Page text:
By Bella Zafer
Learn tips and tricks from cinematic pros and discover what it is like to go on the set of a major motion picture as Bella Zafer describes her experience on the New York City set of “The Irishman”, directed by Martin Scorsese.
One crisp, fall weekend this past November, I ventured out to the Big Apple to witness a groundbreaking film project in the works as we speak. The esteemed American director, Martin Scorsese, is peaking at 75 years old to direct “The Irishman”, his final masterpiece. In addition to the fact that this is Scorsese’s last film, this film is particularly notable because it is the first time Netflix has fully produced a movie and is the first Netflix movie to make its debut in theatres.
My uncle, Kip Myers, is the locations manager for “The Irishman,” as well as my personal mentor for all things film related. His job entails finding ideal locations to shoot the film’s scenes, negotiating the fees and terms of these locations, and managing the location while shooting. On a film like “The Irishman,” this job is crucial to the execution of the film seeing as a large portion of the massive budget - which exceeds $100,000,000 - has gone directly towards transforming over 160 New York City locations into 1970s panoramas.
The extensive budget of this film and its prestigious director have allowed the locations department of “The Irishman” to close off highly populated intersections whilst transforming them into various other cities and decades. Myers could not stress enough how rare some of the filming opportunities they have been granted are. “I love working on projects that are bigger than life — and that's how this feels,” says Myers.
Standing in the cold for five and a half hours may not sound exciting or memorable to most, but I can tell you personally that it most certainly is on the set of “The Irishman.” On set, one can see vintage cars, classic neon restaurant signs, police cars, walkie-talkies, and moody pedestrians. While on one of these late night sets, I gained a greater respect for actors as I watched them in their 70s attire of short dresses and thin blazers, shivering for hours in the windy 40 degree New York weather. They repeat the same small scenes over and over before achieving a perfection that exceeds the expectations of most within the industry. Myers describes the tedious process, saying, “I keep referring to this job as a marathon, not a sprint.”
Scorsese concludes his career by adding “The Irishman” to his already immaculate résumé, which includes other iconic gangster movies like “Goodfellas,” “The Departed,” and “Mean Streets.” In “The Irishman,” the stars of the movie, including Robert De Niro, Al Pacino, and Joe Pesci, recreate the story of the murder of Italian-American Mafia member, Jimmy Hoffa. When talking with Myers he explained that Scorsese “is a cinephile who is constantly (daily) watching movies. So, he has this insane knowledge of scenes and how to place actors and what works.”
Through Scorsese’s careful attention to detail I also came to recognize the incredible precision that can be seen at the highest level of film production. For example, Myers says that the cast and crew could not film on a specific street because it was two feet wider than the real street they were trying to depict. There are also many minescule production tricks that are used when creating a film. For example, water was sprayed on the streets to reflect the artificial moonlight in order to improve the shot.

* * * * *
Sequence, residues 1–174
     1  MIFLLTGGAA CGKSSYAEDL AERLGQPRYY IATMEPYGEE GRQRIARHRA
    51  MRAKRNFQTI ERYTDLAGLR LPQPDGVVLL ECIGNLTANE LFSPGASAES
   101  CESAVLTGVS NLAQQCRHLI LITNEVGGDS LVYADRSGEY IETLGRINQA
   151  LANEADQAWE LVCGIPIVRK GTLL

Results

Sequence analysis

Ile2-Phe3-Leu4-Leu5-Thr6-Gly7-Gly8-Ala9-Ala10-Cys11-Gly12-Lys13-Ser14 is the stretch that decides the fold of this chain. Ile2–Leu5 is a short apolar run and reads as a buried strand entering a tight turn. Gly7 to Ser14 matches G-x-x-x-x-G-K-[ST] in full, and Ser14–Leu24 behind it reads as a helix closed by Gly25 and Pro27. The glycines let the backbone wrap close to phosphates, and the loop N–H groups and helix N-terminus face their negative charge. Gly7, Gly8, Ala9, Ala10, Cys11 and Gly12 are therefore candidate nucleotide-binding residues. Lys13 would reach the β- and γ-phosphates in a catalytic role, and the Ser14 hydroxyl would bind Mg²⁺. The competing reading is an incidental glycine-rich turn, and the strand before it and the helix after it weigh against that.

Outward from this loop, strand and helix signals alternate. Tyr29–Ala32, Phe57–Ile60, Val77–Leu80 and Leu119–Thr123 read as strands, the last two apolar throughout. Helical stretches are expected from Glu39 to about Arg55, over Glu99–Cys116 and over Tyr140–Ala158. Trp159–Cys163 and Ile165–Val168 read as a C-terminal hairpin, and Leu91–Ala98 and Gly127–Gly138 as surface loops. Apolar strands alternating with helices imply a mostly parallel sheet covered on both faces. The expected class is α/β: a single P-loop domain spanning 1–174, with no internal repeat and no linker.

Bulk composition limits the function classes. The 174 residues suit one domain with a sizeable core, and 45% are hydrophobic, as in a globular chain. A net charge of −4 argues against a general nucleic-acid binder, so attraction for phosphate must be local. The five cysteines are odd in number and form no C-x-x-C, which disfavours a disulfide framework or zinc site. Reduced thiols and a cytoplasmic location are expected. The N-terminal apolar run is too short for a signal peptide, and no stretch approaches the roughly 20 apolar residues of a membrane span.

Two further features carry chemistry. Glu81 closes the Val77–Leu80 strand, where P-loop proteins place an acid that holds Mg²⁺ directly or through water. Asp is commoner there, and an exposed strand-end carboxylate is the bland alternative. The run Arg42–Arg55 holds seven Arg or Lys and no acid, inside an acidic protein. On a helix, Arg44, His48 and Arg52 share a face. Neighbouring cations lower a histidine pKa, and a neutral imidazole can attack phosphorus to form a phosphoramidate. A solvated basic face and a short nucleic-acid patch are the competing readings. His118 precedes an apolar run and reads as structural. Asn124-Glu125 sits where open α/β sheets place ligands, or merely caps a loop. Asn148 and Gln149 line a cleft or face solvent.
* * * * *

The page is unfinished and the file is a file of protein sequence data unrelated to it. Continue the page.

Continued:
While every industry has its attractive features, each also has its hidden drawbacks that one may not know without having first-hand experience. My family friend, Alex Borys is a former locations manager and current production consultant for a major commercial property owner in New York City. He describes the sometimes excruciating hours, commenting that, “to be in production you have to be okay with being married to your job for as long as that show is. It’s 24/7 and you have to love it.” Although Borys left the locations department of film production, he says, “if you ask me if I miss it I’d say most certainly.” Borys is a premium example of the never-ending jobs in the film industry. Myers emphasizes the notion that if you are at all interested in the film industry there is most definitely a path for you, saying, “When I first started I honestly had no idea that the Locations Department even existed.”
There are many reasons I am interested in entering film production myself, but Myers captures my intrigue best when he says, “I love that everyday is different — like completely different — different location, different weather, different subject matter. I love that we are creating a ‘thing’ that will hopefully inspire or at least entertain people for many many years.” “The Irishman” will no doubt be a cinematic paragon that will be studied for years, and I hope to work on a project like this in the future.
“The Irishman” is scheduled to debut in theatres in the winter of 2019. Although this date seems far away, this is just the reality of creating a historic film. Maybe next time you are watching a movie, you can think of all the moving pieces, background strategies, and critical thinking that it takes to create a product worth your time and careful attention. Who knows, you might even decide that’s how you want to spend the rest of your own career.
This article was revised at 3:00 P.M. on January 27, 2018. An earlier version incorrectly attributed a work.
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